Which Came First: Airplanes or Paper Airplanes?

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What came first, the paper airplane or the real thing? It’s a valid question, but the answer is obvious once you look at history. Paper planes were, in fact, a vital precedent in developing manned flight. That elusive power had captivated people until the Wright Brothers achieved the feat in their historic first flight at Kitty Hawk in 1903, but the origins of paper planes—and the ambitious curiosity behind flight—go back generations.

Ancient Paper Planes and the Leonardo Factor

Specifics are hazy, and there's some disagreement surrounding who is actually responsible for first folding up a piece of paper and letting it fly. Technically some 2000 years ago the ancient Chinese were the first to invent the paper plane since they also used papyrus paper to invent the kite, but their primitive designs may not have much in common with the paper planes we make today. (Detractors claim these Chinese designs were more akin to simple origami birds that were thrown without the intention of having them fly.)

Others—who point out that the relative and proportional concepts of air resistance and velocity weren’t fully grasped until centuries later—say Leonardo da Vinci and his documented experiments in bringing his failed ornithopter to life make him the creator of the paper plane. Always fascinated by the concept of flight—he even sketched out crude concepts for a parachute and a helicopter—the artist and inventor’s notebooks specifically reference his attempts at building a model plane out of parchment. (Scientific American even named the magazine’s first paper plane contest prize, The Leonardo, after him.)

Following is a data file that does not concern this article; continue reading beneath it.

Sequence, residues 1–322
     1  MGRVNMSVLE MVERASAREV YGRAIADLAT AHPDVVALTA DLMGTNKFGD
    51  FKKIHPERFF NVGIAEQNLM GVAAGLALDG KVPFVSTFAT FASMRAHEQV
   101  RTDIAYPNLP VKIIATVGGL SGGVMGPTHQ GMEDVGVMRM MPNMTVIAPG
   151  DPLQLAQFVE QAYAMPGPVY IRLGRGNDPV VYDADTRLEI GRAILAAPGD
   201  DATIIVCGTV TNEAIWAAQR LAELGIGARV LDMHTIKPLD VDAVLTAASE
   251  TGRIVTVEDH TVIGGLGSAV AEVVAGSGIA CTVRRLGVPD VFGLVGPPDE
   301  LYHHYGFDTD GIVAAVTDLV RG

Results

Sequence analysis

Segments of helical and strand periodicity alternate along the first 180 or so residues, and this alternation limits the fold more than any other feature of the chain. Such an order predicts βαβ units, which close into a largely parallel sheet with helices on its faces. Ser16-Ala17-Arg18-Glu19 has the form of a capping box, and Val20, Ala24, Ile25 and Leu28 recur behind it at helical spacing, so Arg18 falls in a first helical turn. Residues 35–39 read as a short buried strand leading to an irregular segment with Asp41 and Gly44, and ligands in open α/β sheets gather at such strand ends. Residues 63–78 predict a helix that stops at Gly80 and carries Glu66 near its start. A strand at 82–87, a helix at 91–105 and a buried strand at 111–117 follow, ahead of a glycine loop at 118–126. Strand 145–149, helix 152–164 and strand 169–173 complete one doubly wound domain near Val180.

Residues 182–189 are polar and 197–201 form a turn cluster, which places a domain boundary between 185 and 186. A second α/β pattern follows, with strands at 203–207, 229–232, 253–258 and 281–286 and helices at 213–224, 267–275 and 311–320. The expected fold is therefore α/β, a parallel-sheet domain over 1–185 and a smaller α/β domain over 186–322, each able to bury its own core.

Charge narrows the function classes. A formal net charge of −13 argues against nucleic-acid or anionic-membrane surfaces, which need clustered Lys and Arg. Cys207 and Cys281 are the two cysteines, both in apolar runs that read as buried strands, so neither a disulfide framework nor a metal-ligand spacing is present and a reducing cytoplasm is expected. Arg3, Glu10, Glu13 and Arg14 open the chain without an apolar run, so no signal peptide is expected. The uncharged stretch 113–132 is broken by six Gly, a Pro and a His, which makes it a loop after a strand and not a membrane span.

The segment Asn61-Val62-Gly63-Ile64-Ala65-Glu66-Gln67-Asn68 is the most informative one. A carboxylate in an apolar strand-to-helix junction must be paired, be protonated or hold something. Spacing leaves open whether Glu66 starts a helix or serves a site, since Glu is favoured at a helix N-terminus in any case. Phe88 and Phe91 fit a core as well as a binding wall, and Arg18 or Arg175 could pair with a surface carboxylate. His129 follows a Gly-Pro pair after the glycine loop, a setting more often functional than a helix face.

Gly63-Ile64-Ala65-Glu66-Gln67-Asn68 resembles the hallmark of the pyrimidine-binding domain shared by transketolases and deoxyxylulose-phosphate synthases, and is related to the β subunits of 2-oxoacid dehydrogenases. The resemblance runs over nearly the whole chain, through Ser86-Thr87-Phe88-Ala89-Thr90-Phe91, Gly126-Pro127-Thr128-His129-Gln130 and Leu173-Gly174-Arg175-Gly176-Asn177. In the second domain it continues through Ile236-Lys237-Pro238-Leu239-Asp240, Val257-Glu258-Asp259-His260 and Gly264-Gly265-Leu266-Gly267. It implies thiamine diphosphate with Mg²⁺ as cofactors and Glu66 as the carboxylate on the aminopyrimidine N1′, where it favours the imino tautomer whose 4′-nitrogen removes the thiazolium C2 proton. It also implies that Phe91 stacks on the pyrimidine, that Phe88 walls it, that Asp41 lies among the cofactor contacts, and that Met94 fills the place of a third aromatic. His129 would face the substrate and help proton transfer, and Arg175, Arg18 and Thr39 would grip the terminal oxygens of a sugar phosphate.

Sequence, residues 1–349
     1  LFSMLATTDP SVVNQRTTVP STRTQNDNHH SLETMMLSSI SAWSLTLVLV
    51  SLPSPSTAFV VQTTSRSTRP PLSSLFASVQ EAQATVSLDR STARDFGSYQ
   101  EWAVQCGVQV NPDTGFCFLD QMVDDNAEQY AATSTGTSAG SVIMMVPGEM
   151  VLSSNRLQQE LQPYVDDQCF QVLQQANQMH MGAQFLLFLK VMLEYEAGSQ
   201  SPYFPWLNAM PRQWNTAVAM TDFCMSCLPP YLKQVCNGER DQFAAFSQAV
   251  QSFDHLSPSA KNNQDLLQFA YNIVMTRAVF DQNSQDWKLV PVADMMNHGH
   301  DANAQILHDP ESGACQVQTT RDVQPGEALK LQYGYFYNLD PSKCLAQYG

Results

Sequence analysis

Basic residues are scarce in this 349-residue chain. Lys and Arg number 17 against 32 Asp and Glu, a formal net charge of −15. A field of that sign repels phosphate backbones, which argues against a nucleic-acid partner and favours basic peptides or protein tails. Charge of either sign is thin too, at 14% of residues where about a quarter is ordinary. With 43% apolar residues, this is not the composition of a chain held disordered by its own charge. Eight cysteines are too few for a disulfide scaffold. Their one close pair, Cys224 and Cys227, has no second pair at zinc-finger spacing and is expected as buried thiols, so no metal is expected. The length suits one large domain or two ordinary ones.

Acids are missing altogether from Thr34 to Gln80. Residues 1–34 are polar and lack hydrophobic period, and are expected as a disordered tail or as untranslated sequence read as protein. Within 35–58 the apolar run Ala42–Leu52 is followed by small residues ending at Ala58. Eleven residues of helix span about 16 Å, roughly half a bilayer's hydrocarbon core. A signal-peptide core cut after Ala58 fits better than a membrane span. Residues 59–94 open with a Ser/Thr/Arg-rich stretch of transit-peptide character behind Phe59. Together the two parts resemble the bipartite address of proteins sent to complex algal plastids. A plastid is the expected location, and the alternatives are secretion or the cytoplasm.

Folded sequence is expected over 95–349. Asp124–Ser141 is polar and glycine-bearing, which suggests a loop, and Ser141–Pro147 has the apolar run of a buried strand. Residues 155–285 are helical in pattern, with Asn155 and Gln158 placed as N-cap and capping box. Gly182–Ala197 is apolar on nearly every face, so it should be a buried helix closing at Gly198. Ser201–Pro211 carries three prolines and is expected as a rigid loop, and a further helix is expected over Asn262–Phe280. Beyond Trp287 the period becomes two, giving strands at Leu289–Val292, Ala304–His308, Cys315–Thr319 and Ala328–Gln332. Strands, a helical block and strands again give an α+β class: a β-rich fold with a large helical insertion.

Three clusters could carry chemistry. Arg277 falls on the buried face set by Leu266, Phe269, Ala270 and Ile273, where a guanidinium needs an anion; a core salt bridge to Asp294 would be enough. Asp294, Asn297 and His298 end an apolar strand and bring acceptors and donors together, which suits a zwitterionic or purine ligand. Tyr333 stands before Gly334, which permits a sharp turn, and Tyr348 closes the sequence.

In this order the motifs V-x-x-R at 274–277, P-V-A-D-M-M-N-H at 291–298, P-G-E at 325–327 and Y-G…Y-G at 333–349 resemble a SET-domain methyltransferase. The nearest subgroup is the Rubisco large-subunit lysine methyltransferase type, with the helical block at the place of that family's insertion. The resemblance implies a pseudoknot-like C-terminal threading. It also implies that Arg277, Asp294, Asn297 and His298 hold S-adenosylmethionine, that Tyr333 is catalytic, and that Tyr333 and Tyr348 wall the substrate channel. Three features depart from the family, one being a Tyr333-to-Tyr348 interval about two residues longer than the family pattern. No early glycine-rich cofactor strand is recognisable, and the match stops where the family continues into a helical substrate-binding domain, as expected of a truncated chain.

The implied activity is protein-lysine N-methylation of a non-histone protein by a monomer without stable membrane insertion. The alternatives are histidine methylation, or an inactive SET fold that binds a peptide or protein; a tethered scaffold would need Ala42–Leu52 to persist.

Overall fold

Gliding Along

A subsequent pioneer in airplane flight (both paper and real) is Sir George Cayley, the man who identified the four primary aerodynamic forces of weight, lift, drag, and thrust. In 1804—just shy of a century before the Wright Brothers’ flight—Cayley built and flew the first successful human-controlled glider based on his observations that the propulsion of the plane should generate thrust and the shape of the wings should create lift, as opposed to the long-held belief that the propulsion force should generate both forward motion and lift, like da Vinci’s failed ornithopter or the wings of a bird. Cayley documented the tests of his ideas using small model gliders made of linen that he flung from the hillside near his home in Yorkshire, England.   

The Wright Stuff

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Wilbur and Orville Wright would also experiment extensively with paper planes while tinkering with their designs for powered flight. They continued to use wind tunnels and small model planes to test out what they came up with, graduating to larger kite models and, eventually, creating the Wright Flyer, the first successful powered aircraft, which was made from spruce wood and fabric.

This practice of starting small with paper designs to refine aerodynamic ideas for larger aircraft would continue on, most notably in the 1930s when Jack Northrop, the co-founder of the Lockheed Corporation, used paper planes for tests that led to the development of many of the planes and bombers that helped the Allied powers win World War II.